April 21, 2011

Hiking in the Lake District

We have just spent a week hiking in the Lake District, in very good weather!  What luck!  We were surprised by how the landscape can change from gentle-pastoral to rough, remote and rugged in a short distance.  Although the peaks don't have the immediate drama of the Canadian Rockies, they are still very impressive.

Another surprise - you don't have to do the biggest, highest fells (mountains) to have a varied and interesting hike.  There are three "levels" to the Lake District:  the valley floor, filled with farms; a mid-level that involves about 10-1200 ft of elevation gain, usually encompassing field, ghyll (ravine), beck (stream) and forest; and then the large, open broad slopes of the mountain tops that require 2-3000 feet of elevation gain.  These can be wonderful hikes in good weather.  The range is so small that a carefully chosen central hike often nets views of all the highest peaks:  Scafell Pike, Sca Fell and Hellvelyn.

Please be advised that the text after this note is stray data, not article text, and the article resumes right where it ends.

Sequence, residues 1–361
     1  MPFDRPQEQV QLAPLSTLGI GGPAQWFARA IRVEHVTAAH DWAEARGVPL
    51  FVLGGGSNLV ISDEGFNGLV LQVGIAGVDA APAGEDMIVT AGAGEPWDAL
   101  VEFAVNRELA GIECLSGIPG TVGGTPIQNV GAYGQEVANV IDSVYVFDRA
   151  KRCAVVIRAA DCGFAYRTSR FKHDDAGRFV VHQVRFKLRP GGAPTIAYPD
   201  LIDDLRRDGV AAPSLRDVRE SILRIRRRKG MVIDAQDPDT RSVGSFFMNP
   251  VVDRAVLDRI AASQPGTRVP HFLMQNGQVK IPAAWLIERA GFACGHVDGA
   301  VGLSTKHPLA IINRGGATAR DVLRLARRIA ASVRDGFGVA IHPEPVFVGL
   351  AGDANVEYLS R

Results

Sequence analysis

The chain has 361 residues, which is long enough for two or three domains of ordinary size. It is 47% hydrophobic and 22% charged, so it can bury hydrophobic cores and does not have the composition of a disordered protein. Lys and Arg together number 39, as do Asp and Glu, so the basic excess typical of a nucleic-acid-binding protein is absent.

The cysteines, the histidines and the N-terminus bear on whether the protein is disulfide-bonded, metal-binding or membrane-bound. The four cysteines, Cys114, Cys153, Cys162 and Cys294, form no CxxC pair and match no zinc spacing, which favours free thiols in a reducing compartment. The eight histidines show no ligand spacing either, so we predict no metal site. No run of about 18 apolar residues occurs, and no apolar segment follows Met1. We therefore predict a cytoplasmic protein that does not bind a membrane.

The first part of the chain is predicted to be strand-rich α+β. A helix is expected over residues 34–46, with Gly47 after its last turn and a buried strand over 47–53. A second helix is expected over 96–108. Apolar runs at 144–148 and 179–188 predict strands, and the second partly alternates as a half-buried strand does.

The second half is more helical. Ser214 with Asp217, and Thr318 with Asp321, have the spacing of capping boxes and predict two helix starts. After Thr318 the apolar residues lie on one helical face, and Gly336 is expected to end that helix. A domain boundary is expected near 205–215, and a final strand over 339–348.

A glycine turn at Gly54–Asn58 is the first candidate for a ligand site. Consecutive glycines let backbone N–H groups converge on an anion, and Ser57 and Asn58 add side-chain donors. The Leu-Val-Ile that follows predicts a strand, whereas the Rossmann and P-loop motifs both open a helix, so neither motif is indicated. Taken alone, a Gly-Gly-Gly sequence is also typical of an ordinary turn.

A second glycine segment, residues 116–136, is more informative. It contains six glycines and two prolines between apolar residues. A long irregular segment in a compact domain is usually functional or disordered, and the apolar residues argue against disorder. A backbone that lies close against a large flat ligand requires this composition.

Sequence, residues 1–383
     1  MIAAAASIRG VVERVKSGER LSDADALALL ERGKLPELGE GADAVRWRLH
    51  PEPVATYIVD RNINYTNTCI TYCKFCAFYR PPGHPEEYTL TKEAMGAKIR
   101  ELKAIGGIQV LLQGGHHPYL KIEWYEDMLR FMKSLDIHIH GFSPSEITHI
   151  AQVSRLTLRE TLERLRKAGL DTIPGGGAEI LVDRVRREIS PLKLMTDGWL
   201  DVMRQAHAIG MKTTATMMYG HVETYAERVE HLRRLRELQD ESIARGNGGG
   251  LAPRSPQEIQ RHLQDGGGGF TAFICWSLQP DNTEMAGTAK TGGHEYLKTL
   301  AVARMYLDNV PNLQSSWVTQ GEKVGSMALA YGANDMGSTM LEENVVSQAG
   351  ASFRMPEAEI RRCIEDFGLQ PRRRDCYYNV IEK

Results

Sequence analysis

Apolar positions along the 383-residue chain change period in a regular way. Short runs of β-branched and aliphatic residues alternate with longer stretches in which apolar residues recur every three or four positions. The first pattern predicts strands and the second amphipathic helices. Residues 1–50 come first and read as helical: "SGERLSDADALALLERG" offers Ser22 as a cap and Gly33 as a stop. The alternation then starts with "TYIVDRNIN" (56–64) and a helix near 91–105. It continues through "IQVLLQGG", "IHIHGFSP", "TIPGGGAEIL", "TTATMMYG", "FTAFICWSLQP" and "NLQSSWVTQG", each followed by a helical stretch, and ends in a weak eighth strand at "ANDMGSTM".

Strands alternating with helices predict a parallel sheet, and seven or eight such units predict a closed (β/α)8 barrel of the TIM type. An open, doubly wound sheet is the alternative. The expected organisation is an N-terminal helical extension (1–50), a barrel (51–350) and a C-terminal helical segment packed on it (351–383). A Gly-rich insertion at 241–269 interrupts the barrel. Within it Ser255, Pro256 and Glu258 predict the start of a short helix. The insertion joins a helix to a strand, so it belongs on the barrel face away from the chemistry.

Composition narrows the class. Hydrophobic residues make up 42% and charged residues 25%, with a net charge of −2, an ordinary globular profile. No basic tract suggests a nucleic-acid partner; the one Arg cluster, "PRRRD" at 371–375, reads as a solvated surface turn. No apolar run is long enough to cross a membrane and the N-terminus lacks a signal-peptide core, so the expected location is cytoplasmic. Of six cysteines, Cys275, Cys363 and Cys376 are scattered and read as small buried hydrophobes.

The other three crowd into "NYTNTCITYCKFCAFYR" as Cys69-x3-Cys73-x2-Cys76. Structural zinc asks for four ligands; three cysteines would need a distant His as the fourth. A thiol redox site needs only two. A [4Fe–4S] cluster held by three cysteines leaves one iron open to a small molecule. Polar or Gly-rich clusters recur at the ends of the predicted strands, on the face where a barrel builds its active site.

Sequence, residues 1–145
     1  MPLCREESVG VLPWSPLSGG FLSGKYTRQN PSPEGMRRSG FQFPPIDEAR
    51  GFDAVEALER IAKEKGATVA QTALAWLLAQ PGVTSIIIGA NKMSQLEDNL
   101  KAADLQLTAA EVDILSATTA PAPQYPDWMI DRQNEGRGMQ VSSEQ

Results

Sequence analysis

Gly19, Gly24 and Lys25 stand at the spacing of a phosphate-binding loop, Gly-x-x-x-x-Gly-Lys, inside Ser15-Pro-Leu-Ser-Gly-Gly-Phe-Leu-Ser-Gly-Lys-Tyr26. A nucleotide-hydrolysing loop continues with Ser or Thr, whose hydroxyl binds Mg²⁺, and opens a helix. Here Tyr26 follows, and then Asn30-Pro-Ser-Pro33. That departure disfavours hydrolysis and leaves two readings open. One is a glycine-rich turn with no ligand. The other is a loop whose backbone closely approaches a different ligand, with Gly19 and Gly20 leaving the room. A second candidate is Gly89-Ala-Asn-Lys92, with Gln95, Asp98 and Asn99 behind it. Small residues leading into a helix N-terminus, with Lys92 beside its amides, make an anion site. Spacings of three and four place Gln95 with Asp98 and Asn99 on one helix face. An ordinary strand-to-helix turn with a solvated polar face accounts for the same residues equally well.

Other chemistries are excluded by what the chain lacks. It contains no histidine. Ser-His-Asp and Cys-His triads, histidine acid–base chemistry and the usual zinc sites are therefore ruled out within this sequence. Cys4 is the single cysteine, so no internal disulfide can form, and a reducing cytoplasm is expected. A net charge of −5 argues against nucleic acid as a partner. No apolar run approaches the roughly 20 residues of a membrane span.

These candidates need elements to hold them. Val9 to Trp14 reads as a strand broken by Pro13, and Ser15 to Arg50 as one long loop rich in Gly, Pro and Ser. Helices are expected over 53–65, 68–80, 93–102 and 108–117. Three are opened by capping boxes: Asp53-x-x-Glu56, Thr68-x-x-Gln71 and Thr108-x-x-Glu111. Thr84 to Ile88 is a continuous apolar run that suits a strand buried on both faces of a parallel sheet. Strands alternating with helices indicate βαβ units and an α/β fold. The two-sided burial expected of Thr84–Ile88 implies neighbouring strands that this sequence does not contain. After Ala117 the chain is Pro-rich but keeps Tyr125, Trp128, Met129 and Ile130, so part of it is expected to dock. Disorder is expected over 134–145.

We did one of these bigger hikes on a crystal clear day.  A hike on a long ridge that included Starling Dodd, Red Pike, High Stile and High Crag.  It was fabulous and also netted us our first views of red grouse and one of the most spectacular bird behaviours out there.  We witnessed sky larks singing for their mates - an energetic song, done on the wing, as they climb higher, and higher... and higher - until you can't see them anymore!  It's amazing, especially when it's unexpected.  We didn't know to look for it, but it happened right under our noses.

Red Pike from High Stile.  It looks like nothing, but it was a big climb to get there!

High Crag from High Stile.  Helvellyn is way off in the background.
We recommend the Lake District - in good weather.  April seems to be the month benefiting the most from climate change and we are almost glad that we have to take our vacation then.